With process control one can profile once, and calibrate often to maintain consistency. For those that don’t like the thought of process control, calibrating silver halide devices every 8 hours, HP and Canon inkjets twice a year, Epson inkjets once a year for high volume and Epson inkjets every 3 years for lower volume usage are decent rules of thumb, IMO.
« Last Edit: December 21, 2012, 08:12:29 AM by Onsight » Logged

Jan Morales
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« Reply #9 on: December 21, 2012, 08:23:20 AM »
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I take it people don't feel there's any need to re-profile when they replace an ink cart?
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Scott Martin
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« Reply #10 on: December 21, 2012, 08:25:52 AM »
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I take it people don't feel there's any need to re-profile when they replace an ink cart?

No. Unlike silver halide chemistry which changes over time and with temperature exposure, inkjet ink is incredibly stable and manufactured with super tight consistency. Head replacements (from all brands - even Epson) however, do call for immediate re-calibration.
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digitaldog
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« Reply #11 on: December 21, 2012, 08:36:55 AM »
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I take it people don't feel there's any need to re-profile when they replace an ink cart?

I've actually let the ink run out mid print, replaced a cart and the printer finished, no trace of where the old cart and new cart met. That is on Epson with their inks and papers. Outside of that YMMV.
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Andrew Rodney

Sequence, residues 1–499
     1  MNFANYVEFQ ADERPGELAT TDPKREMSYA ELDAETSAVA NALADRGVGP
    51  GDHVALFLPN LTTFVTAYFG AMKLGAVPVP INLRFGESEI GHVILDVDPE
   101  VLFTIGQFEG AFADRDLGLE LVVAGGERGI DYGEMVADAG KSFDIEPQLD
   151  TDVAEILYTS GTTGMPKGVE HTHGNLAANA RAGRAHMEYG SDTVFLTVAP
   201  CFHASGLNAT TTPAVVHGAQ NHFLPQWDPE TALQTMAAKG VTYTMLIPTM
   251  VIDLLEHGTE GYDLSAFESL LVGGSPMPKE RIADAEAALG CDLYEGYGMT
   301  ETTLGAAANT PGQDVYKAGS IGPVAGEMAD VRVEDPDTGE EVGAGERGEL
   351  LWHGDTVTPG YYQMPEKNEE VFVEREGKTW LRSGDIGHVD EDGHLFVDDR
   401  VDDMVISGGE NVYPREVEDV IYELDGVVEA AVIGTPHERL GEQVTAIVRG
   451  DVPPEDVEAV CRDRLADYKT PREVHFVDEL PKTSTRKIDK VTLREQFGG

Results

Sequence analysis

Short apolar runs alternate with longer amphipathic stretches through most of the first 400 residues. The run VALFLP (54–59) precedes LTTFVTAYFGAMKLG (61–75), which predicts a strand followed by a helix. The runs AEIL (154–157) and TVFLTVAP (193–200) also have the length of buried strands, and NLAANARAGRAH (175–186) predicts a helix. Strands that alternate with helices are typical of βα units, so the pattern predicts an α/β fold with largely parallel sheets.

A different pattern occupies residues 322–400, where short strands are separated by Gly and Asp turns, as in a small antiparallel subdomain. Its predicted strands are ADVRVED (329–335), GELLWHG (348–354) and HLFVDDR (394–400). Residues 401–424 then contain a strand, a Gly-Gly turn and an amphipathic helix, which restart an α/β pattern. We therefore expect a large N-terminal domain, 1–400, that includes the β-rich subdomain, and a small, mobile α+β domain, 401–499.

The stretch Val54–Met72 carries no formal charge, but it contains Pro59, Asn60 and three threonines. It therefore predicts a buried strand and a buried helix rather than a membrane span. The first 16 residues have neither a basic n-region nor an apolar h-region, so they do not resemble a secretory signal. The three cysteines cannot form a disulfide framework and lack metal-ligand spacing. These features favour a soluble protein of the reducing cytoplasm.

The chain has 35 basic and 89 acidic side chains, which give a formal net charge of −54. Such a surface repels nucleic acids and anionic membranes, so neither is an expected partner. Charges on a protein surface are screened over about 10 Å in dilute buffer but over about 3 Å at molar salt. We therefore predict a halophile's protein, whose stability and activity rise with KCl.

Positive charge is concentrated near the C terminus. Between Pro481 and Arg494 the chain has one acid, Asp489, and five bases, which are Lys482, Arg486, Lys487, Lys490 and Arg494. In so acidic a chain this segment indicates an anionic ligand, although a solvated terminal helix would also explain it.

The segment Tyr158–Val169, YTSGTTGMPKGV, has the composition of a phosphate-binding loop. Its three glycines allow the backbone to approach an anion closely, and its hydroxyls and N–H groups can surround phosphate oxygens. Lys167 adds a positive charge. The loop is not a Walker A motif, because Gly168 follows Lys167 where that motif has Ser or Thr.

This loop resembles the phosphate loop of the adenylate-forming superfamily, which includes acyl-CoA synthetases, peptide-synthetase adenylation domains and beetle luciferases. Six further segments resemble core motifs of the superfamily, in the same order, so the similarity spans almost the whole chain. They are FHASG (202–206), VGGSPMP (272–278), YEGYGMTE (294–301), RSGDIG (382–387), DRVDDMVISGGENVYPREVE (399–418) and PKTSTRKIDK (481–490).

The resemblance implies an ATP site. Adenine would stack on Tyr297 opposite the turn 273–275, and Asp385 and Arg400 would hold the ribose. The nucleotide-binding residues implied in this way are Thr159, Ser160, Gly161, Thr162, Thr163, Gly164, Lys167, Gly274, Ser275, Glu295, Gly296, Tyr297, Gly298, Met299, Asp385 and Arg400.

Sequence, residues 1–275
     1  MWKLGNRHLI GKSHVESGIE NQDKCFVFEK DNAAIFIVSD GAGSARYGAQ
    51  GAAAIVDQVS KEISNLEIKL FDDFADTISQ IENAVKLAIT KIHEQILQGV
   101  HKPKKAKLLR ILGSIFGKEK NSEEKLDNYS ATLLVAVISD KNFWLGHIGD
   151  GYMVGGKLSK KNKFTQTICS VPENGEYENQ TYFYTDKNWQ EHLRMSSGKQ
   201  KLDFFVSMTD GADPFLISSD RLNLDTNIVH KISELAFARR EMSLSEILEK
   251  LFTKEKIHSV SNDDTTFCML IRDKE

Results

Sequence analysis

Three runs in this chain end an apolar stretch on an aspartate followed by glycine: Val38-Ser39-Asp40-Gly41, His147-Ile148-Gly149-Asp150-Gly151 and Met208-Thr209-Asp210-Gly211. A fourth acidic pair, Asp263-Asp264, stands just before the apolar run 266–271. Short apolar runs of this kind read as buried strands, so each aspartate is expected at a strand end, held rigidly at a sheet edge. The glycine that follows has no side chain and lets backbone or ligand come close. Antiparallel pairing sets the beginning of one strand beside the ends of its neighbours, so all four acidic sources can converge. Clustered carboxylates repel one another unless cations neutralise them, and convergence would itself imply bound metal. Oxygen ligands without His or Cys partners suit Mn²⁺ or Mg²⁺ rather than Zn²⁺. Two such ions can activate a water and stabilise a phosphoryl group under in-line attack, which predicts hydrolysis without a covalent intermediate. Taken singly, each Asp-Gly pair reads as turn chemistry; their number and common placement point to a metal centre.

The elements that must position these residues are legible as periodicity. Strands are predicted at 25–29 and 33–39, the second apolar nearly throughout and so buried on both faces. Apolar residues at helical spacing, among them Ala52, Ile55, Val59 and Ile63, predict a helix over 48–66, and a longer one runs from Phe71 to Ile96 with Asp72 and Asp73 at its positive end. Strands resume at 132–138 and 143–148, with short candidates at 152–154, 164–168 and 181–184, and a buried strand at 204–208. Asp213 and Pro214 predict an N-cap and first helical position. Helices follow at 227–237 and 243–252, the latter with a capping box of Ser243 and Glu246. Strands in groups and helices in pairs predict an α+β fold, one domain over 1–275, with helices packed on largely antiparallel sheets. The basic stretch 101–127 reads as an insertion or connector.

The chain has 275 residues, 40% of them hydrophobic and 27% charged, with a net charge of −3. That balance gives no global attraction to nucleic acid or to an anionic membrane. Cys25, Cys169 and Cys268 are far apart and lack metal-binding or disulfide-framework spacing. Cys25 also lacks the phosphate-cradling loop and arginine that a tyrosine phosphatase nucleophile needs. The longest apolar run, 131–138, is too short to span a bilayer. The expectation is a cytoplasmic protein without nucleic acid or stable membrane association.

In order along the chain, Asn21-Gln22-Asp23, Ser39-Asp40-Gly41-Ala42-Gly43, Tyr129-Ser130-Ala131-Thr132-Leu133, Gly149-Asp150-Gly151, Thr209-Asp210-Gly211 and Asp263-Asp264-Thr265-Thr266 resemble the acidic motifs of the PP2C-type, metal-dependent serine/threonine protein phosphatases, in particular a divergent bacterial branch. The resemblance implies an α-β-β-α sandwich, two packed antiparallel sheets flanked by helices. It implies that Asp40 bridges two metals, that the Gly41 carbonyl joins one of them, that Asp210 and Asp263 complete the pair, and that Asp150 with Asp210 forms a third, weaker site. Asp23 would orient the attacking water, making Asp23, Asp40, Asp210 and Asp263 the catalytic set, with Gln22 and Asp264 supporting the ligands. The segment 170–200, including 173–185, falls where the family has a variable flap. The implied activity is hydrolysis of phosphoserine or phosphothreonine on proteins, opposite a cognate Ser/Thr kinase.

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« Reply #12 on: December 21, 2012, 09:28:29 AM »
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I've actually let the ink run out mid print, replaced a cart and the printer finished, no trace of where the old cart and new cart met. That is on Epson with their inks and papers. Outside of that YMMV.

I'm sure you can appreciate how different this observation is from what was asked. When your print continued, it was still using the ink from the previous cartridge. Once the ink from the new cartridge flows down the tubes and into the heads and on the paper, I'd submit that it's indistinguishable from the previous cartridge (as long as it's from the same manufacturer and not very out of date).
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digitaldog
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« Reply #13 on: December 21, 2012, 09:49:43 AM »
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When your print continued, it was still using the ink from the previous cartridge. Once the ink from the new cartridge flows down the tubes and into the heads and on the paper, I'd submit that it's indistinguishable from the previous cartridge (as long as it's from the same manufacturer and not very out of date).

Good point and yes, the ink hitting the print after cart change was from previous cart albeit, this was an Epson 2200 and there isn't a lot of ink in those tubes. With say a 9800, probably more ink than in the entire 2200 cart. And yes, I'd agree it's indistinguishable from the previous cart, at least those inks from Epson.
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Andrew Rodney